Decay of Gravitas in the Church Clergy - I
From St. Dominic to Cardinal Richelieu
Plinio Corrêa de Oliveira
Saint Dominic - Fra Angelico is, on one hand, a well qualified artist to depict the gravity of men and, on the other hand, one of the least qualified to do so. This is because in a certain way his paintings transcend the weaknesses of human nature and he depicts man almost without original sin.|
Here we have St. Dominic painted by Fra Angelico. St. Dominic is envisioned here dressed in his Dominican habit in a thoughtful attitude, still very young and delicate.
A characteristic trait of gravity appears in his complete concentration. He is totally focused on what he is reading. One of the most difficult things for the contemporary man is to fix his attention on an arid theme and enter into it completely, the capacity to transcend the concrete.
This concentration is translated into something like a scowl on St. Dominic's brow. Here we see him feeling the difficulty of understanding what he is reading. His mind is entering a labyrinth and he wants to resolve something that offers a natural resistance to his understanding.
His gravity is accentuated and completed by the great serenity of the ensemble. His intellectual effort is serious, calm and detached, without any pretense of assuming imaginary roles. He is who he is, alone before the eyes of God and desiring to find the truth.
This picture could be titled “Effort of a serious, upright and pious soul to find the truth.”
St. Bernardino of Siena
Here we find no longer the man of studies, but the preacher. He is St. Bernardine of Siena who spread the devotion of the Holy Name of Jesus. He was a preacher who would attract immense crowds in large squares. While he spoke, the multitude would change positions, following the direction of the wind, in order to hear his words. Look at his face. It is the face of a man who knows he is invested with the divine mission to tell the hardest truths to his contemporaries, which is, in fact, what he did.
In this picture he appears as if he were telling those truths and fulfilling his mission. And if people would not hear, burning coals would fall over their heads.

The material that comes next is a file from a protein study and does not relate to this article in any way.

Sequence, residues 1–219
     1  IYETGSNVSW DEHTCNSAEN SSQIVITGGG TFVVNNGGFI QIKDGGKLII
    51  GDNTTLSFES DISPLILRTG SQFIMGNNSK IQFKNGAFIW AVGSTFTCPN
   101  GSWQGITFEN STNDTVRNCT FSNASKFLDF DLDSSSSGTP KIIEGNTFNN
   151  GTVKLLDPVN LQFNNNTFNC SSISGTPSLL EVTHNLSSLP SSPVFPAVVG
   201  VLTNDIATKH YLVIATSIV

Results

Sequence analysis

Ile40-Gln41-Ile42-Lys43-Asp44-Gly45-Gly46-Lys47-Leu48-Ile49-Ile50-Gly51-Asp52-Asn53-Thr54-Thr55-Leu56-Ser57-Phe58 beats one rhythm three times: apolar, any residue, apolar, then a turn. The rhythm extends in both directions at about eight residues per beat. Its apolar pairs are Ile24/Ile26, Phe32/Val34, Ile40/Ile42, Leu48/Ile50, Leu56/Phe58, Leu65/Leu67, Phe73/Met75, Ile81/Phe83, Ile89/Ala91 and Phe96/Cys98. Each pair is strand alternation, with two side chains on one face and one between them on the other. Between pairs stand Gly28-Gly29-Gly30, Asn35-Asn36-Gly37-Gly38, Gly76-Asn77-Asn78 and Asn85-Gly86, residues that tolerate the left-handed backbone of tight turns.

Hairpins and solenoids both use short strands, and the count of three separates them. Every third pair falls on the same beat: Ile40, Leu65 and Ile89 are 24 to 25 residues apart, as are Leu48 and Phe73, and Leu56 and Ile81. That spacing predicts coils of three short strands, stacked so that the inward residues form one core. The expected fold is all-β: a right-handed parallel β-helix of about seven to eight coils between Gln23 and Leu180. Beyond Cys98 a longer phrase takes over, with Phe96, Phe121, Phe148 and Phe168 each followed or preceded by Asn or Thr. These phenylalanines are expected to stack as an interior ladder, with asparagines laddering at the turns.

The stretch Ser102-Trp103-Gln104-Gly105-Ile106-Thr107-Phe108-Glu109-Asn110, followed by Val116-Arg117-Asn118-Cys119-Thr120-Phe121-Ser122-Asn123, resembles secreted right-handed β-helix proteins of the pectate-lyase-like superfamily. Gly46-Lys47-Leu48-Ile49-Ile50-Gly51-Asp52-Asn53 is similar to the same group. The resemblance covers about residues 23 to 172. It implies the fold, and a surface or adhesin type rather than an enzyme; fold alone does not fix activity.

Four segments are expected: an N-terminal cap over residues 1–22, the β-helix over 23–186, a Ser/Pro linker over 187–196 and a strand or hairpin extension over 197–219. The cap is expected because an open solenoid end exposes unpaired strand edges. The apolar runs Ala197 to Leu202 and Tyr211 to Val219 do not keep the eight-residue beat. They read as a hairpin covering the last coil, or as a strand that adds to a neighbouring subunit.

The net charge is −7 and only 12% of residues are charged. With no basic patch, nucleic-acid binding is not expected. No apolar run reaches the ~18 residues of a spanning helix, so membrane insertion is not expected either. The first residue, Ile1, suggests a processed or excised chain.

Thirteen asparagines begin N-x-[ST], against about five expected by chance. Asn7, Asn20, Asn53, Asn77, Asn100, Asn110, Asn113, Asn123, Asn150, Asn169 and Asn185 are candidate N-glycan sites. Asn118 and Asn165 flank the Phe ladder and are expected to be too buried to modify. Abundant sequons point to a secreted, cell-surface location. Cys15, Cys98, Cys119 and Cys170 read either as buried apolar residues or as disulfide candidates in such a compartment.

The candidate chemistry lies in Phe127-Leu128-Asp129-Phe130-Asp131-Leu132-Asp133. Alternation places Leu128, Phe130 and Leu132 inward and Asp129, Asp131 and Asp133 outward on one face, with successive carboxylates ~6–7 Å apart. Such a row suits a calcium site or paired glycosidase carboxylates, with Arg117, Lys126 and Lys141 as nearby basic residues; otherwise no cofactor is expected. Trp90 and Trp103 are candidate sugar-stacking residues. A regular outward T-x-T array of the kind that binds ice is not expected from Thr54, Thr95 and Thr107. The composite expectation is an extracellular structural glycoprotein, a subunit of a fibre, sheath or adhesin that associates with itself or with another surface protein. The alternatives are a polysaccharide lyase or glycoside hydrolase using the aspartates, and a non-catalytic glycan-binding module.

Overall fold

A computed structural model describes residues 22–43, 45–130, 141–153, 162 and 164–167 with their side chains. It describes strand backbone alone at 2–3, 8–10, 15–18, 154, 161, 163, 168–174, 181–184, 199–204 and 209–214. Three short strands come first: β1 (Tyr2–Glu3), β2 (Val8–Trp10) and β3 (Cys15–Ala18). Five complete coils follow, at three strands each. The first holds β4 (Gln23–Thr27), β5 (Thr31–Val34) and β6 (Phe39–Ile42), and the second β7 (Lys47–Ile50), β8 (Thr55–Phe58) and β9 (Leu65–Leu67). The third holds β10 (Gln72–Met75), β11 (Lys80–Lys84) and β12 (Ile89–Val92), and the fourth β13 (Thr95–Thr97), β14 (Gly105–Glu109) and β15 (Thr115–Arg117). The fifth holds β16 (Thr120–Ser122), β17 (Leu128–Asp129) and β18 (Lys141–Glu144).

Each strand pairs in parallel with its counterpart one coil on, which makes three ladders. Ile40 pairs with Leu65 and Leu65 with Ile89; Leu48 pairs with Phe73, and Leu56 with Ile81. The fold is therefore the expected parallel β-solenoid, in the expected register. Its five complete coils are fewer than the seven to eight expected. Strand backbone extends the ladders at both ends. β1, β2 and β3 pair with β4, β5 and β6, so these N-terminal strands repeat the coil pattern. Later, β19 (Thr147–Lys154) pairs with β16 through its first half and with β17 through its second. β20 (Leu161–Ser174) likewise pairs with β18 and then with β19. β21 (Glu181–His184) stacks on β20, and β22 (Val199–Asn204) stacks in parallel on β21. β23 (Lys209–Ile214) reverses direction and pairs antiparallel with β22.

His mind is brimming with ideas, convictions about the transcendental character and the infinite perfection of God and the high eternal destiny of man. In his fiery gaze there is no place for trifling matters. He displays an enormous grandeur and seriousness.
Here you have a portrayal of the Abbé Suger, who was a minister of King Louis VII of France.
In this picture he is represented as a statesman rather than a religious man. In him we do not see the intellectual or the man invested with a divine mission, but rather the man of thought accustomed to govern. In this sense, this representation is expressive.
We can observe the virile bearing and the gravity and seriousness of his persona. If we compare him with our present day Ministers of State, we realize the immense gravity of this man.
Here one sees how much things changed. In this portrait of Cardinal Richelieu, it is useless to look for the fire of a St. Bernardino of Siena or his consciousness of a divine mission; it is useless to look for anything transcendental, anything that goes beyond human nature.
What happened? Before, men had acquired a great supernatural elevation that was accompanied by a great natural elevation. When they lost that supernatural elevation, the natural elevation continued to exist for some time. There was a kind of acquired velocity in virtue that continued on for a certain time, even though it diminished in each generation. The propulsion of that velocity stopped after the apostasy of Christendom even though the movement continued for a while, and so the men of each generation became worse.
St. Pius X expressed this same principle, saying that when a vase of flowers is removed from a room, it still conserves the flagrance of the flowers for some time. In this picture the supernatural is no longer there, but its perfume is still present.
This portrayal shows Richelieu as a man whose spirit completely dominates matter, because this man is all eyes, eyes that are all soul.
His eyes are large and luminous, indicating a strong, resourceful will, a man who ardently wants what he desires and determinedly executes his resolutions. He has nothing of those soft men who wish for a thing and then, after a while, fall to the ground, exhausted by their efforts. Here we have a determined will enlightened by intelligence. His body is slender, but his bearing and everything else – including the cape – express this will.
We see the fall from the earlier types of man, but nonetheless, we would admire such a man should we cross him in some church.
Posted October 18, 2010
Related Topics of Interest
Decay of Gravitas in the Church Clergy - II
Three Faces of the Revolution
Four Ways to Discern a Man's Soul by His Appearance
The Eyes Are the Mirror of the Soul
The Face Reveals the Heart of the Man
Revolution and Counter-Revolution - Overview
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